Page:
McGehee is wondering that himself these days:
I was just over at a well-known blogosphere cenotaph and it’s left me reflecting on how many of my once-favored blogosphere haunts are either gone or no longer host the voices that originally drew me to them. Dodd’s Ipse Dixit went away too soon and he’s now just a single, rarely seen contributor to Outside the Beltway. Junkyard Blog has gone through at least two voices since Bryan Preston went to … Hot Air? Somewhere.
Bryan did go to Hot Air, and has since departed: last I heard, he was working for Laura Ingraham’s radio show.
Brent’s The Ville is long gone and Susanna’s Cut on the Bias has had occasional brief revivals but never stays lit up long enough for me to stumble on it before it’s gone dark again. Ricky West’s last blog post was almost a year ago.
And so on. I used to read a lot of those myself, in fact. And both McGehee and I spent a few bucks for the CD by Brent’s band.
But there’s always the question of how anyone remains interested in rattling off a thousand words a day, day after day, year after year. (Me, I do a lot of recycling.) The odds seem unfavorable:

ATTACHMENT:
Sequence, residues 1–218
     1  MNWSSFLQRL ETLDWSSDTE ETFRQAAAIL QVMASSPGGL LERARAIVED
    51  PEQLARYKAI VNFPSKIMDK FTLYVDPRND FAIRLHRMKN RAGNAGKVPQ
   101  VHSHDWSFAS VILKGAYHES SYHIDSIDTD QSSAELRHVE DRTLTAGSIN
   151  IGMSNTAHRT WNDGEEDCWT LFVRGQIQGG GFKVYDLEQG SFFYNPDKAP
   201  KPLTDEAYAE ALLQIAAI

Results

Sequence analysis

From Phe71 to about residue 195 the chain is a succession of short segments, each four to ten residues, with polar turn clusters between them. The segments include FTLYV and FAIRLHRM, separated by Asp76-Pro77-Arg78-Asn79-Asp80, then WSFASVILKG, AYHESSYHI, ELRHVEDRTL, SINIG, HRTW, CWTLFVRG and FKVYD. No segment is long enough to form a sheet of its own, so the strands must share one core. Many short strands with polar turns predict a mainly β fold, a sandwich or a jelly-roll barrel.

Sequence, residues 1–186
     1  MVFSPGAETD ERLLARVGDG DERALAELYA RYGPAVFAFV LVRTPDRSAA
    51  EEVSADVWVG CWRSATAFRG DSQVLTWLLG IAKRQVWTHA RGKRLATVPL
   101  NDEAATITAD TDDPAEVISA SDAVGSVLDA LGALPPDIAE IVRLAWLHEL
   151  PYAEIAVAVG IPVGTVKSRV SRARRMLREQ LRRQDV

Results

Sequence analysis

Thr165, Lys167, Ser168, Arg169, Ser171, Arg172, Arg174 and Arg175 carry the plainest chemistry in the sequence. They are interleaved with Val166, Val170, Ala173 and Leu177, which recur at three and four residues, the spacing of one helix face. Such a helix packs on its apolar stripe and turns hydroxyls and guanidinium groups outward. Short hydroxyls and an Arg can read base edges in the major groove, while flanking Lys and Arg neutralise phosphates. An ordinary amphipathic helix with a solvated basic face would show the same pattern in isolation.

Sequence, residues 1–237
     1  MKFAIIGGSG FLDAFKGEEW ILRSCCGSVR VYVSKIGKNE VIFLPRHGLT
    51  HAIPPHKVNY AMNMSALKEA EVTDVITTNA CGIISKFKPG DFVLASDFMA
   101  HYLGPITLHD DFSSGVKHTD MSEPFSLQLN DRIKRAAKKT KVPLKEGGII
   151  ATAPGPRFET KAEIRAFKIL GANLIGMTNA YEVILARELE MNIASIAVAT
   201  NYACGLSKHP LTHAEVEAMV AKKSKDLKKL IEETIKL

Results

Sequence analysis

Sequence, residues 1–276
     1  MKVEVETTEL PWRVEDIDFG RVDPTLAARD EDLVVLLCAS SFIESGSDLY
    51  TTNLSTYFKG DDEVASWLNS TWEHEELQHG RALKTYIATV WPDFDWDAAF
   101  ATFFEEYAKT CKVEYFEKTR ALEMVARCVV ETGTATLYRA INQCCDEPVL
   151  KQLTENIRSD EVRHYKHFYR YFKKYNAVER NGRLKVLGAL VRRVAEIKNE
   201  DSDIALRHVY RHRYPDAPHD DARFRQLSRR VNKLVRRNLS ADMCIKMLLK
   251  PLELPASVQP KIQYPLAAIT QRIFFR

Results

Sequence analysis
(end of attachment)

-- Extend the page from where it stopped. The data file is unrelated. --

According to a 2008 survey by Technorati, which runs a search engine for blogs, only 7.4 million out of the 133 million blogs the company tracks had been updated in the past 120 days. That translates to 95 percent of blogs being essentially abandoned, left to lie fallow on the Web, where they become public remnants of a dream — or at least an ambition — unfulfilled.
Maybe that explains why I’m still here: I had neither dream nor ambition when I uploaded that first page in the spring of ’96. I did, however, have free time and free space. Now the space costs me money, though less than it used to, and the time seems to be growing shorter, which leaves me one reason to keep on going: all these years, I’ve cracked wise about spinning out an “unauthorized autobiography,” and now I have this overwhelming desire to see whether it ends well.